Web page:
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DIN Rail Terminal Blocks: L/L, L/N, N/L and N/N?

  1. Feb 22, 2017 #1
    Hello,

    I've recently had a slight trajectory change in my career and I'm learning the ropes in electrical panel building.
    I have to order a load of DIN rail terminal blocks and I've come across a few variants and I don't know which one is the correct one for my application, or if it even matters.

    I understand that the L and N stand for live and neutral, I'm not a complete rookie, but in terms of double deck DIN rail terminal blocks, what's the difference between L/L, L/N, N/L and N/N?

    Any help is greatly appreciated, and sorry if a similar question has been posted before, I couldn't find any information about this anywhere!

    Thanks,
    Dan
     
  2. jcsd
  3. Feb 22, 2017 #2

    berkeman

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    Staff: Mentor

    Are you an apprentice to an electrician now? What sources of information are you using to learn this trade? Are you in the US, and if so, do you know what the NEC is?

    Also, can you provide some links to the DIN Rail modules you are asking about?
     
  4. Feb 24, 2017 #3
    Hello, I'm not an apprentice, I'm a qualified controls engineer and have been working with mainly software for 2 years now.
    I'm familiar with the principals of electricity, but not all the tools that are used in the industry.
    This is my first experience with panel building, but I've worked with electrical panels before, just checking I/O to the PLC usually though.
    I'm using a mix of Google and professional advice from colleagues. However, the other 2 electrical guys that work here are usually on site somewhere, so I have limited access to their expertise.
    I'm situated in the UK, our NEC is in Birmingham, I think Crufts is there soon. I expect that's not what you meant.

    I was looking at the following catalogue: http://www.wago.us/media/us/collection/brochures/topjobs.pdf
    If you look at any of the double/triple deck terminals (Page 37, for example), then you'll see that you can specify L/N, N/L, etc.
    Just wasn't sure what that meant exactly. I would've thought that whether it was L/L, L/N or N/L would depend entirely on what's connected to it!

    Thanks for your input!
     
  5. Feb 24, 2017 #4

    berkeman

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    Staff: Mentor

  6. Feb 24, 2017 #5

    anorlunda

    Staff: Mentor

    Sorry, not my field of expertise either.
     
    Last edited by a moderator: Feb 24, 2017
  7. Feb 25, 2017 #6
    > do you know what the NEC is?

    In this context the NEC is the US National Electrical Code:
    https://en.wikipedia.org/wiki/National_Electrical_Code

    It's the US equivalent to the UK's IET Wiring Regulations or, more formally,
    BS 7671:2008+A3:2015 (17th edition with Amendment 3:2015)
    https://en.wikipedia.org/wiki/BS_7671

    You (or at least one of your 2 electrical colleagues) should be familiar with
    the 17th ed. The IET has a list of recognised training providers at:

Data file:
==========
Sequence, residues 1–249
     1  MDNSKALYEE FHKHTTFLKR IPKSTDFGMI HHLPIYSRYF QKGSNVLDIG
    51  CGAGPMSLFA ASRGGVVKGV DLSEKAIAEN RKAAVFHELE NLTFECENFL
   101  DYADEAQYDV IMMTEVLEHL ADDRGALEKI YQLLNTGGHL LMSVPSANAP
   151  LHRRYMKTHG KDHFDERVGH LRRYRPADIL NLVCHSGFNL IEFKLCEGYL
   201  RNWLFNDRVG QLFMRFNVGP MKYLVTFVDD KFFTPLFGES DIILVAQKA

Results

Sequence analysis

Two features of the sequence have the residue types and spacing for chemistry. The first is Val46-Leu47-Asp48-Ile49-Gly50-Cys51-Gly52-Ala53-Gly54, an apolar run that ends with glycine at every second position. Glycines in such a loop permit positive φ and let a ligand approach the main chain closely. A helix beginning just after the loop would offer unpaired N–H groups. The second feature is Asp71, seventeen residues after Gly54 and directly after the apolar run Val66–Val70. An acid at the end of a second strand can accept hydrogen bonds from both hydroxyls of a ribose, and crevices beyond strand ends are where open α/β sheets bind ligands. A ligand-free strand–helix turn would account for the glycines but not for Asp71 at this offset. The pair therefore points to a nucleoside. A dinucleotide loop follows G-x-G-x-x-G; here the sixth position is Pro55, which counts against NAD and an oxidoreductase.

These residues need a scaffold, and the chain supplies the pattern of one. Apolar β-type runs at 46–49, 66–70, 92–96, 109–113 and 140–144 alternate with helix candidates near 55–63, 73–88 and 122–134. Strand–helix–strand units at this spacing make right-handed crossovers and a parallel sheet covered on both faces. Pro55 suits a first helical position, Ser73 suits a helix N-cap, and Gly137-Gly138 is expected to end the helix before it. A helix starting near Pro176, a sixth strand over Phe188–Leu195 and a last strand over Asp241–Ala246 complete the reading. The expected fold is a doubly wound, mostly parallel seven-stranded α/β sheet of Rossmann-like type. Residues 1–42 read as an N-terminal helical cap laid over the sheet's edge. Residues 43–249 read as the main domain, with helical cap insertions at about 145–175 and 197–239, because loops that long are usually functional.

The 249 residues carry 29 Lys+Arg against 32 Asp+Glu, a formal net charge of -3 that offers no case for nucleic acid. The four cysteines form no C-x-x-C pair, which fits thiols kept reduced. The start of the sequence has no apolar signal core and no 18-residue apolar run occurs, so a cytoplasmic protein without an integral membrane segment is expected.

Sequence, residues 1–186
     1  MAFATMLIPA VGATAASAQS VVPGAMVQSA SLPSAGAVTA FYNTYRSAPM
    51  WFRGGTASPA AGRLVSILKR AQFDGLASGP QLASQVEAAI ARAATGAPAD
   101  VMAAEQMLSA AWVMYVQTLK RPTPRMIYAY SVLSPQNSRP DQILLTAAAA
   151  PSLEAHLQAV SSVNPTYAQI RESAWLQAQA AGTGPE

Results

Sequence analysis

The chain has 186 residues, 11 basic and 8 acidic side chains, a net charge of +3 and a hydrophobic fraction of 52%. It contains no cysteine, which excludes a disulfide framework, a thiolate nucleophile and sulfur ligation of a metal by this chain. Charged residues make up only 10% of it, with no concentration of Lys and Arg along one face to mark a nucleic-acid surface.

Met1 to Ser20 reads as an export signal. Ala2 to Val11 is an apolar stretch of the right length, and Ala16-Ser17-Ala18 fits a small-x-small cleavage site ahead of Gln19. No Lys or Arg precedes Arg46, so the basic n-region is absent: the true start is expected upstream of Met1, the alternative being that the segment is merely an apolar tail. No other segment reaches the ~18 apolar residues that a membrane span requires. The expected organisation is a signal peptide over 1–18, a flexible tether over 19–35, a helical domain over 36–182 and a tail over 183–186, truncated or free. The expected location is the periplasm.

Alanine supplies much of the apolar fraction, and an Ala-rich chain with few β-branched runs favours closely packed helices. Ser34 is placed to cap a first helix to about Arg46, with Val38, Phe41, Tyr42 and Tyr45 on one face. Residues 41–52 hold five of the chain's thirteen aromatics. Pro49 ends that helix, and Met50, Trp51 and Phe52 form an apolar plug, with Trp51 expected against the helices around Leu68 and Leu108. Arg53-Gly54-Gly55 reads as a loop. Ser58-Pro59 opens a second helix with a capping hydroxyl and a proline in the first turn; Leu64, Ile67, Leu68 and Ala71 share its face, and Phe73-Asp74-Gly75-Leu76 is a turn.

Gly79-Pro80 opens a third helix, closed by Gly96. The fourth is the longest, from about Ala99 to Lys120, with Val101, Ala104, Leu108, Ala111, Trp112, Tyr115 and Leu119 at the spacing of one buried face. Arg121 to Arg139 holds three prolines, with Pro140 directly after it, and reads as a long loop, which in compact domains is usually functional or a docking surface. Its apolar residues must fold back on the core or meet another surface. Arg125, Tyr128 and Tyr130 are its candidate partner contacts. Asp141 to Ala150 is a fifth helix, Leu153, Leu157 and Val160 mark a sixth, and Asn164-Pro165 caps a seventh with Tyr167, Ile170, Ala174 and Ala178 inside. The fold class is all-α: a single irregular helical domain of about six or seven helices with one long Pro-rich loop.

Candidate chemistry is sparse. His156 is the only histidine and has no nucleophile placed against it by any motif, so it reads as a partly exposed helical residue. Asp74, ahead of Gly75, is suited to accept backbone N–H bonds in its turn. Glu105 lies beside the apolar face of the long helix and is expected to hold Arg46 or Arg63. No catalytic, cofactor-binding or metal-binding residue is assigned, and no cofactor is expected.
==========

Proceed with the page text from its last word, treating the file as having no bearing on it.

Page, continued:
http://electrical.theiet.org/training/index.cfm

    I attended a 3 day wiring regs course some time ago. It was rather a whirlwind
    tour but it did provide a useful introduction to a large and complex standard.

    > If you look at any of the double/triple deck terminals (Page 37, for example), then you'll see that you can specify L/N, N/L, etc. Just wasn't sure what that meant exactly. I would've thought that whether it was L/L, L/N or N/L would depend entirely on what's connected to it!

    L=Live, N=Neutral, PE=Protective Earth, of course.

    The terminals in the catalogue are colour-coded: L=grey, N=blue, PE=green/yellow.

    The idea is that you, as the designer, choose the colour of terminal to suit the
    use of the conductors running through the terminal. This lets installation and
    maintenance staff know what type of conductors they are dealing with and makes it
    easier to find their way round a huge number of terminals side by side.

    I expect the N/L and L/N terminals have the upper contacts in one colour and the
    lower contacts in the other colour. I can't see from the catalogue which is which
    but as a customer you could ring the helpline and ask. You ought to choose one or
    the other of N/L or L/N and use that option for all your panels to avoid confusing
    installation and maintenance staff. (If your company already has a standard choice
    obviously you should stick with it.)

    Although this again is not my field, good practice suggests that you should use the
    double terminals for the two sides of a single (1 phase) circuit, i.e. use one
    double terminal to carry the L & N for a single load circuit; don't mix and match
    random L and N wires from different circuits on the same double terminal.

    I found an introductory video at:


    (For US readers, in the UK 'NEC' refers to our National Exhibition Centre, a large
    exhibition and conference venue in Birmingham: http://www.thenec.co.uk/ )
     
  8. Feb 27, 2017 #7

    rbelli1

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    Gold Member

    Yes. I had found a picture that shows this and thought I posted it but it seems to be gone. One or more of the wire openings have a painted color around them. You can just barely see this in the catalog.

    BoB
     
  9. Mar 10, 2017 #8
    Cool, thanks guys.
    Sorry for the late reply, I've been quite busy on other projects.
    But good eye, didn't spot that!
     
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